The Cru Bourgeois classification has returned to a three-tier ranking in 2020 and all involved should be congratulated on their perseverance.
But, the new list doesn’t include any of the nine Bordeaux estates that were named ‘Exceptional’ back when the ranking was first reformed along these lines in 2003.
For example, there’s no Château Poujeaux, no Chasse Spleen, no Sociando-Mallet, no Potensac, no Ormes-de-Pez, no Phelan Ségur and no Gloria.
‘We’re not going to pretend that we aren’t missing some names that we would like,’ said Olivier Cuvelier, president of the Alliance des Cru Bourgeois du Médoc at the launch of the latest Bordeaux wine ranking.
‘It is now up to us to prove its worth. We hope to see them with us in 2025.’
First, the good news.
Following several false starts and years of trying, the new Cru Bourgeois classification is up and running.
After just over a decade of being a yearly ‘stamp of quality’ that essentially judged the characteristics of individual vintages, it has now returned to being an official classification that rewards châteaux for five-year periods.
It is split across three levels and the 2020 ranking contains 249 châteaux, including:
- 14 Cru Bourgeois Exceptionnel
- 56 Cru Bourgeois Supérieur
- 179 Cru Bourgeois
This will hold across the Bordeaux vintages of 2018, 2019, 2020, 2021 and 2022.
According to the Alliance, the first step to classification involved a blind tasting of five vintages of the estate’s wine.
To be automatically labelled Cru Bourgeois in the new system, a wine must have been recognised as Cru Bourgeois at least five times between 2008 and 2016.
If an estate wished to be considered for Cru Bourgeois Supérieur or Exceptionnel in the 2020 ranking, it had to create a dossier explaining its practices and terroir, as well as other elements.
A tasting was first carried out to ensure minimum quality, followed by visits to the estate by a panel of experts.
The three areas for assessment, beyond the tasting, were:
- Environment – All of the ‘Exceptionnel’ and ‘Supérieur’ estates had to be certified at the highest level of the three-tier Haute Valeur Environmentale sustainability scheme. This is known as HVE3. Meanwhile, standard Cru Bourgeois estates had to achieve HVE2 certification.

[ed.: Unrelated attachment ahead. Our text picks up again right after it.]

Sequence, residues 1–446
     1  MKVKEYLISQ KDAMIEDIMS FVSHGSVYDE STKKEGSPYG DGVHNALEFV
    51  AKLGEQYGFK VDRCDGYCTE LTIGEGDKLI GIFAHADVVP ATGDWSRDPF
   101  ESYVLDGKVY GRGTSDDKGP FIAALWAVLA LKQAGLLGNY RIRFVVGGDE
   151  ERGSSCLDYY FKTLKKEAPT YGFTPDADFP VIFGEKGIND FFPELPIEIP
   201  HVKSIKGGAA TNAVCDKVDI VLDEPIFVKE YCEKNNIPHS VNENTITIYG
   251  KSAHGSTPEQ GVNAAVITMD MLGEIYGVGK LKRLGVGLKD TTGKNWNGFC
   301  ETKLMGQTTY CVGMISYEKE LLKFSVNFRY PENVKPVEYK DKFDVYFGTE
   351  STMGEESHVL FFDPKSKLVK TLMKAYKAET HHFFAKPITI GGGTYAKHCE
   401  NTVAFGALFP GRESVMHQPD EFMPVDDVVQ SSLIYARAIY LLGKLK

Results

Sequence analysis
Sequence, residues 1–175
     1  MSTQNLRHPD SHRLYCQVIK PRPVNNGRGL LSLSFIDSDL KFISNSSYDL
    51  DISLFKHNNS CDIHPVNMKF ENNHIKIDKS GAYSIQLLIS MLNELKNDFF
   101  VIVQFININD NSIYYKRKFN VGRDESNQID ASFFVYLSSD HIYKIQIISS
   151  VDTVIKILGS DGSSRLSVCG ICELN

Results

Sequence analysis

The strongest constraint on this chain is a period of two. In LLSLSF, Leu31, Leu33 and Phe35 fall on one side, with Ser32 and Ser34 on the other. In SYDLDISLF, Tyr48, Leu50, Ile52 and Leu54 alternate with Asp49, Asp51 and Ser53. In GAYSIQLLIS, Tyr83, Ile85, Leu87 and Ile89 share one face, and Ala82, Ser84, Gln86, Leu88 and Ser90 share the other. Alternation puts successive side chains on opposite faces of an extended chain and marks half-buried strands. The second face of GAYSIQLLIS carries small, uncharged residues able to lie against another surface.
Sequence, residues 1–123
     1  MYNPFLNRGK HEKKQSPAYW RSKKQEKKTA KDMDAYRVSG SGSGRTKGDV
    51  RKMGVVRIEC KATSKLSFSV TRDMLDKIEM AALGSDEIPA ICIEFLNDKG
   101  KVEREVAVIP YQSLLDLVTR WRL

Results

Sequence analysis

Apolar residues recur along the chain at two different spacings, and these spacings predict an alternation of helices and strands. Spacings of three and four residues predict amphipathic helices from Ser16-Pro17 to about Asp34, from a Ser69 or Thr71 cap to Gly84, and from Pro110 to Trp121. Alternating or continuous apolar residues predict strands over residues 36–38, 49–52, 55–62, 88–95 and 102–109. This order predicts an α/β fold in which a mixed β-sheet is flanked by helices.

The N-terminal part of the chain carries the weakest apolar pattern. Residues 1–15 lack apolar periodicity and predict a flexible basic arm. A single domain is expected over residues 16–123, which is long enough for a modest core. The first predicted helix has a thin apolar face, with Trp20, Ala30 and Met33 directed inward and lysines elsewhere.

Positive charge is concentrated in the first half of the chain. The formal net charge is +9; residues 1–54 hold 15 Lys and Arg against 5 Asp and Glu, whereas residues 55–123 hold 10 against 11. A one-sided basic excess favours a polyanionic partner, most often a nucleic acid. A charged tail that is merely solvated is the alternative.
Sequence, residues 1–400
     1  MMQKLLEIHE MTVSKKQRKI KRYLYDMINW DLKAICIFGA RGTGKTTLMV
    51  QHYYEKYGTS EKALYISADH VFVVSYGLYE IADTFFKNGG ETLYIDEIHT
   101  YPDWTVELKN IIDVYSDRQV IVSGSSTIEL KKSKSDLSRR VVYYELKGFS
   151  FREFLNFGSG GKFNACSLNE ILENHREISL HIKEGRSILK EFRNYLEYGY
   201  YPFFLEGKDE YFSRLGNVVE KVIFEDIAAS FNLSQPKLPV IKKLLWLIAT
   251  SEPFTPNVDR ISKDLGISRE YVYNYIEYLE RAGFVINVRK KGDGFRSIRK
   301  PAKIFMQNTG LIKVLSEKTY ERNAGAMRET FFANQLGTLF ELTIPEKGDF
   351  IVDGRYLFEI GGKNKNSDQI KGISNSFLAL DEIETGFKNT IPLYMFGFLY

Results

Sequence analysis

- Technical – This includes checks on vineyard and harvest methods, cellars, bottling and conditioning, and overall quality.
- Marketing/promotion – Criteria included how an estate welcomed visitors, its work on promotion, its distribution and its price.
The jury was headed up by Gilles de Revel and Bill Blatch.
All wines were tasted by two separate juries of five people. If the results were contested, two separate juries of five people were brought in.
France’s ministry of agriculture oversaw the drawing up of the process, and individual controls were carried out locally by Quali-Bordeaux Vérification.
The new ranking is intended to provide reassurance to drinkers looking for quality and value in the Médoc.
It is also intended to be an answer to a real and pressing issue; a single-level Cru Bourgeois classification was bringing prices down for everyone, and so causing very real struggles for properties who were investing heavily in the quality of their wine and yet not being rewarded for it by the market.
It’s one of the problems of the Bordeaux system.
The best Cru Bourgeois estates have levels of investment in both viticulture and vinification that differ very little, if at all, from the 1855 classified châteaux that they neighbour. And yet the prices they can hope to receive differ widely.
Here are the 14 ‘Exceptionnel’ estates:
- Château d’agassac
- Château Arnauld
- Château Belle-Vue